Irresponsible Pet Ownership

Today we were victim to a sad situation, perhaps even a tragedy, depending upon the ultimate outcome, which as of this moment, we don’t know. My boyfriend and I drove his 17-year-old son to his mother’s house across town so he could talk to her, a very dysfunctional woman, now without a phone or any way of reaching people. While Dominic and I stood outside listening to their yelling and crying, her Airedale got out of the house, took off down the street, and attacked a Shepherd who was being walked by his owner.  Her dog bit the Shepherd, drawing blood, which set off a barrage of swearing and threats by the Shepherd’s owner.  The mother was oblivious to this entire drama, remaining holed up inside the house while her son grabbed the Airedale by the collar and dragged her home. In the meantime, the Shepherd’s owner continued spewing until his threats turned to action when he pulled out his cell phone and reported the incident to the police.

Here’s the sad part, for the Airedale, that is. She had previously and viciously attacked two other dogs, one of which lost its eye, thus, setting the precedent  for a dog who needed an ultra-vigilant owner that kept the dog under control at all times. Didn’t happen. Sigh.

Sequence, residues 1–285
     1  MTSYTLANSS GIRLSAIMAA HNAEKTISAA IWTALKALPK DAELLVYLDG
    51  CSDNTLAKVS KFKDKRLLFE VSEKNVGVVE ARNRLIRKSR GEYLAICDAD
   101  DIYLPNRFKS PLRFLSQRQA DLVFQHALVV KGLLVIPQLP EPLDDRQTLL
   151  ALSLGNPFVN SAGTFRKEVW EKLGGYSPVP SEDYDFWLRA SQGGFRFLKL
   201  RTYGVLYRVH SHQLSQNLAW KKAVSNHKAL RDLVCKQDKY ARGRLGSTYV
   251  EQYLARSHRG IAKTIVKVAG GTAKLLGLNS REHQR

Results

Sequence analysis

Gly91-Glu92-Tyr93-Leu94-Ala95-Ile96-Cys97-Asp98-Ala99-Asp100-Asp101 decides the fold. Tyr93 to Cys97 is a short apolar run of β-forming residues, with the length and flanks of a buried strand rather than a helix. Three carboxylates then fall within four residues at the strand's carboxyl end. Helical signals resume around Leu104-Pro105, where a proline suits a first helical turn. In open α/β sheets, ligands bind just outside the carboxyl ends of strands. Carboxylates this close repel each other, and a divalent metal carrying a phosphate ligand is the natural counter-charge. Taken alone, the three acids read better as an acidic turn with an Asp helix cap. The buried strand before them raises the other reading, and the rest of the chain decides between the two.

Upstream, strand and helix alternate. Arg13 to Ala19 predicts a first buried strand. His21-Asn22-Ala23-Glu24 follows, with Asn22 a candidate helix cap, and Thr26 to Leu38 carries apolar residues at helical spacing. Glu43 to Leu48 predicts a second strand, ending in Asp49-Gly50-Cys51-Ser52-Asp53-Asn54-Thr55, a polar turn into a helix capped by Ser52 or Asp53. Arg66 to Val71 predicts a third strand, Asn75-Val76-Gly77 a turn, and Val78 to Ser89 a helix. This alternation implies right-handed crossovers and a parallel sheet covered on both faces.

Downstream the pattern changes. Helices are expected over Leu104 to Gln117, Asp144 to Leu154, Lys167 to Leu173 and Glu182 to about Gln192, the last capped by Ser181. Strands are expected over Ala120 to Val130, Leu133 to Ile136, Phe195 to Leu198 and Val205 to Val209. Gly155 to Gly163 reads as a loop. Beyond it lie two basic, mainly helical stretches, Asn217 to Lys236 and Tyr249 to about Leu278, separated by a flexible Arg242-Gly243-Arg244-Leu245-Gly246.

Later, I saw from the police blotter that a squad car was indeed dispatched to her house, and I don’t want to think the worst, but what else? The Airedale is a nice dog, fine with people, albeit unruly at times, and relatively young at five years. But she is vicious with other dogs and she needs a strong , experienced and responsible owner to give her a happy life.

This is what breaks my heart about animals, owners, and adopting – yes, this dog was adopted. But even if she hadn’t been, she has been laid victim by an irresponsible and careless owner who doesn’t deserve to have a dog, or any pet, at all.

A Little Mule Named Rudy

RudyYesterday was shots day at the barn. Spring shots – the yearly standards including rabies,  flu and a few others. Our barn “Mom” (owner) gets the list together of who wants what, and when the vet arrives, we have our equines polished and preened such as we did with our kids when we took them to the pediatrician for their yearly physicals.

Our barn is home to a ‘feral’ mule; correction: a mule who was previously owned by an Amish farmer and while he was there, something happened that filled his little life with terror.